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Sunday February 23, 2014 MYT 3:12:02 PM
Sunday February 23, 2014 MYT 3:12:40 PM
(Reuters) - Croatian Marin Cilic continued his recent run of sizzling form by overpowering John Isner 7-6 (7-5) 6-3 in a late-night showdown to advance to the Delray Beach Open final against South Africa's Kevin Anderson.
Seventh seed Cilic made it through to a third final in as many weeks when he emerged victorious in a battle of big servers against American Isner in a rain-delayed semi-final that did not start until close to midnight on Saturday.
Fourth seed Anderson had no such delays in the first semi and was on and off the court in a flash after easing past a nervous American qualifier Steve Johnson 6-2 6-4 in the afternoon in south Florida.
When the second semi-final finally got underway, Cilic's first serve was almost unplayable but he could not convert any of his four break points against Isner in the first set, which went to a tiebreak on the hardcourt surface.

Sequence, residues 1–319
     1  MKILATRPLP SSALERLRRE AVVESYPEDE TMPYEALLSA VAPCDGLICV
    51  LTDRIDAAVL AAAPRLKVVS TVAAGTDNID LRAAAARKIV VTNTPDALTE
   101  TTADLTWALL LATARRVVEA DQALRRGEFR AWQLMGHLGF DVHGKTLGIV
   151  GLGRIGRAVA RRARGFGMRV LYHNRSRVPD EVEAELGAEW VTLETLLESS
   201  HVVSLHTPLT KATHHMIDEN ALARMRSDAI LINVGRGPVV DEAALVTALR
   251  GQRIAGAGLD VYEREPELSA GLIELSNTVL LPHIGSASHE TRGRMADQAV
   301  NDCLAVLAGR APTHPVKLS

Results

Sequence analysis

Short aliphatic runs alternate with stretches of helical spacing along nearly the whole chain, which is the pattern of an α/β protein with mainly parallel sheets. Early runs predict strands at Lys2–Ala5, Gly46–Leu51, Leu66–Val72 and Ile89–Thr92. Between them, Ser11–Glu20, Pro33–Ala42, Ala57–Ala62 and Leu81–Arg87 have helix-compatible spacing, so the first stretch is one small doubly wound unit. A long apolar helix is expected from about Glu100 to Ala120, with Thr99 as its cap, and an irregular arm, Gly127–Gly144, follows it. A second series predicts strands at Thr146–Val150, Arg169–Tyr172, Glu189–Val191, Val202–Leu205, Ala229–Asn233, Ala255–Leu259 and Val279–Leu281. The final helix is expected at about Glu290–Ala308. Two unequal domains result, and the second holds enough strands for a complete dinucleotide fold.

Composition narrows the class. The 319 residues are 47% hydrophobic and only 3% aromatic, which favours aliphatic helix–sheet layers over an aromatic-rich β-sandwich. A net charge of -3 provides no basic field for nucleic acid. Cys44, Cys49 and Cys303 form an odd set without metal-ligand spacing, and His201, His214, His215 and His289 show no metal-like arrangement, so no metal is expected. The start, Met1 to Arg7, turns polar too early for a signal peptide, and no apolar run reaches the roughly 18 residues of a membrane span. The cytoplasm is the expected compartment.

Isner won the first three points but Cilic stormed back to take the next five and ultimately the set.
Cilic quickly broke Isner in the second set and continued to serve strongly, closing out the contest just before 1 a.m. on Sunday.
"It's been probably the best three weeks I've played in my life," Cilic, who won in Zagreb a fortnight ago before losing in the final last week in Rotterdam, told reporters.
"With John, you have to be careful always with his big serve (but) maybe John was struggling a little bit with his neck or back. He wasn't hitting his first serve as big as usual."
Johnson, meanwhile, steamrolled his way to his first ATP semi-final, knocking off top seed Tommy Haas along the way, but his fairytale run ended against the immovable force of Anderson.
Anderson, the 2012 champion who lives in Delray Beach, broke in the first game and never looked back as he held serve easily throughout.
"Getting that break was really key for me," Anderson said.
"I've always enjoyed playing here. The surface is one I enjoy playing on."
Johnson admitted to nerves: "I was definitely a little uptight out there," said the former U.S. collegiate champion, who could make no headway against his opponent's serve and never even held a break point.
"I think if I'd won that first game it would have changed the whole course of the match. But credit to him, he played a good game and returned very well today."
(Reporting By Andrew Both in Cary, North Carolina; Editing by John O'Brien)
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